2. Intermediate Scrutiny:
§ Law upheld if it is Substantially Related to an Important government purpose.
3. Rational Basis: (Lowest Level of Scrutiny)
§ Law upheld if it is Rationally Related to a Legitimate government purpose.
§ Very easy standard to meet; therefore law usually valid – Unless arbitrary/irrational
o Proving Discriminatory Classification:
· For Strict and Intermediate Scrutiny to apply there must be INTENT on the part of the government to discriminate.
· Intent is shown by:
1. A law that is Discriminatory on its face;
2. A discriminatory application of a facially neutral law; or
3. A discriminatory motive behind the law.
0 Motive shown by evidence of history of discrimination.
· When looking to laws that don’t exclusively discriminate based on race or gender; look to whether law has Discriminatory Intent & Discriminatory Impact
A. Restrictions on Who May Marry:
1) Constitutionality of Marriage Restrictions:
o Former bans on marriage that are no longer upheld: interracial marriages, marriage with people with disease, people who cannot or do not pay their child support
· Loving v. Virginia: (Fundamental Right to Marriage)
o Black woman married white man; arrested and pled guilty to
state statute regulating marriages involving minors must be rationally related to a legitimate state interest.
· The protection of minors from immature decision-making and preventing unstable marriages is a legitimate State interest.
· Redhail distinguished b/c this case is dealing with minors who need protection.
· Balance State’s rights with Parent’s Rights to raise their children.
o Bronson v. Swensen: Right to privacy & other individual constitutional rights do not protect polygamist marriage.
· ∏’s attempted to use Lawrence v. Texas, but Court rejected; The prohibition of plural marriages by a state does not infringe upon the private sexual conduct of consenting adults, but rather on the issuance of marriage license by the state.
· Same-Sex marriage:
o Goodridge v. Department of Pub. Health: Using a rational basis test the Mass. Supreme court found that the Mass. Statute prohibiting same-sex marriage violated the Equal protection Clause of the Mass. Constitution. (Domestic Partnership ≠ Marriage)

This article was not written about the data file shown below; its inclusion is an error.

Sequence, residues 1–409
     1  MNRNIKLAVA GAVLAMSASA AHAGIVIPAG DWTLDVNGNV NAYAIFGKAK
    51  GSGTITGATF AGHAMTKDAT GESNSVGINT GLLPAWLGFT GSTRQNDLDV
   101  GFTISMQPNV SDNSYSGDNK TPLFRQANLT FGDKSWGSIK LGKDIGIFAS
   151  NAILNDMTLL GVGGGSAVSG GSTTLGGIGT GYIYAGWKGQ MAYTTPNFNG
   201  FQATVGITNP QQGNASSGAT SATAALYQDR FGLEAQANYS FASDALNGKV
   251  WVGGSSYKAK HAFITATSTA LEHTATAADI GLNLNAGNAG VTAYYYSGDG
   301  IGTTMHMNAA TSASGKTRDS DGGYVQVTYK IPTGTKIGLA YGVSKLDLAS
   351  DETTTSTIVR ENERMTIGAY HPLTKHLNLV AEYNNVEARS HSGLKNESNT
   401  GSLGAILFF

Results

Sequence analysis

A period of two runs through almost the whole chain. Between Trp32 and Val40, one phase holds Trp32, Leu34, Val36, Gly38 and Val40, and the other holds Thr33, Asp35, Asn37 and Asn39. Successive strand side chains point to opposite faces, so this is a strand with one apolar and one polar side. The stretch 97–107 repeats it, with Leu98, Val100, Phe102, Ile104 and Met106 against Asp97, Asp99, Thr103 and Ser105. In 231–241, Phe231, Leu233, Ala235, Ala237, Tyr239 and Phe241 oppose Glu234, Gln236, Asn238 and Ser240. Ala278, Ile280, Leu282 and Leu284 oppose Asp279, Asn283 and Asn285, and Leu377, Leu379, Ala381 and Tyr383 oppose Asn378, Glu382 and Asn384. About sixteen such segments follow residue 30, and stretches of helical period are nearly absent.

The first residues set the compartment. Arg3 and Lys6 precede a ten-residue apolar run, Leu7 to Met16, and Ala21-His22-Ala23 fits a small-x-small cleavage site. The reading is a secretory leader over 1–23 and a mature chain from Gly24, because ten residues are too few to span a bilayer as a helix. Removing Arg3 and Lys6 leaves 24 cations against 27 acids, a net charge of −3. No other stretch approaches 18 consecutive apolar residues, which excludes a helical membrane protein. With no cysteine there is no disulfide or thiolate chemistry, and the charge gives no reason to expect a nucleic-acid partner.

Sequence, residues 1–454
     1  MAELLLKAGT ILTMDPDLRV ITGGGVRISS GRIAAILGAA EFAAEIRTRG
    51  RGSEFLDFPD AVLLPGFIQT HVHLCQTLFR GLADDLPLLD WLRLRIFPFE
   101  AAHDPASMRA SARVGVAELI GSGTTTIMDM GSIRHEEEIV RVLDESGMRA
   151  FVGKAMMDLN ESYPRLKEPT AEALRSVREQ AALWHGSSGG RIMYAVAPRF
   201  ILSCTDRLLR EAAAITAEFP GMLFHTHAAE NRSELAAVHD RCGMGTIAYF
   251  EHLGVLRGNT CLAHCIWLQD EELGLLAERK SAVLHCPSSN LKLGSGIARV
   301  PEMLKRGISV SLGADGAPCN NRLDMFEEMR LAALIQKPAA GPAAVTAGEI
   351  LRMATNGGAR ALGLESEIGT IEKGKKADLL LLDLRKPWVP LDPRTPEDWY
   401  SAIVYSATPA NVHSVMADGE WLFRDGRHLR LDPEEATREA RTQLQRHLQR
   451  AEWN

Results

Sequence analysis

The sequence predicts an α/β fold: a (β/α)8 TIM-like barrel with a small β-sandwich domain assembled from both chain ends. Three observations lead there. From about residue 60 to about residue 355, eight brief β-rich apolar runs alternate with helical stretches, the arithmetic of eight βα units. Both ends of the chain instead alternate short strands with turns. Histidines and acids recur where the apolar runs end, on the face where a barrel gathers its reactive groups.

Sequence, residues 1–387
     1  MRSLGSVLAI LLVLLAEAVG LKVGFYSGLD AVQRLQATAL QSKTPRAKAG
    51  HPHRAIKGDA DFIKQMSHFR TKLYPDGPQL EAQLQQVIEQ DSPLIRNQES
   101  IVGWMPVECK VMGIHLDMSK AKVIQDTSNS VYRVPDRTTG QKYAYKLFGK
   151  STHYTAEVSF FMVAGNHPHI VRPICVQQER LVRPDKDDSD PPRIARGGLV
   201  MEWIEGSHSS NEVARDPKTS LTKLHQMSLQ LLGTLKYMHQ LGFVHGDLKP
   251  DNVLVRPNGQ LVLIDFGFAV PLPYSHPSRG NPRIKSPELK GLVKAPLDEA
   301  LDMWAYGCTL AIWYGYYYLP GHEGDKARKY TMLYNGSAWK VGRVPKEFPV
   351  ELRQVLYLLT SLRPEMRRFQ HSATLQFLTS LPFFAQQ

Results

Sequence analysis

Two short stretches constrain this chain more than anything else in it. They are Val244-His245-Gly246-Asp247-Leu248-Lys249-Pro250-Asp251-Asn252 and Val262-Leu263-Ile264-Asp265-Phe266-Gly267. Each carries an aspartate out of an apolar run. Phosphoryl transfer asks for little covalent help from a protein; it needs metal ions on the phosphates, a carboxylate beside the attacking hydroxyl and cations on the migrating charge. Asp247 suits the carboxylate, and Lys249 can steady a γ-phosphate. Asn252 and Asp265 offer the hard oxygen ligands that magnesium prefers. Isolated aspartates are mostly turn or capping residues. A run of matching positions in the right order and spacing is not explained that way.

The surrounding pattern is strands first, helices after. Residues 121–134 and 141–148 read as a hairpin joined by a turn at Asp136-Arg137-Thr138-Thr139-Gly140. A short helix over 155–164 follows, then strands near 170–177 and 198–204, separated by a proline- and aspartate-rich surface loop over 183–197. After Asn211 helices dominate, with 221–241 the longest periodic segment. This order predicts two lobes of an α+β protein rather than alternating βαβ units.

· Domestic Partnerships creates 2nd class citizens, and the Mass. Constitution prohibits unequal treatment, therefore may not deny the protections, benefits, and obligations of civil marriage to same sex couples wishing to marry.
· Just as in Loving, the singling out of a trait, such as sexual orientation, to prevent access to marriage reveals invidious discrimination which cannot be allowed.
· Right to Marry means little when it doesn’t include right to marry person of one’s choice.
· Court used Rational basis test ; thus avoiding fundamental rights or a suspect class.
o Wilson v. Ake: US Const. doesn’t protect person’s right to enter into same-sex marriage
· ∏’s attempt to interpret the Full Faith and Credit Clause as requiring all states to recognized same-sex marriage because Mass. legalized same-sex marriage.
· Under DOMA, if same-sex marriage is against a states’ public policy, then that state is allowed to NOT recognize the marriage, thus not follow the FF&C clause.
· P argued strict scrutiny, but Ct. rejected argument, finding that this statute didn’t rise to that level because the fundamental right to marriage does not include same-sex marriage.
o In Re Marriage: Allowing civil-unions via statute, as opposed to same-sex marriage was held unconstitutional under Ca. constitution as violative of EQP b/c it created a second class citizen.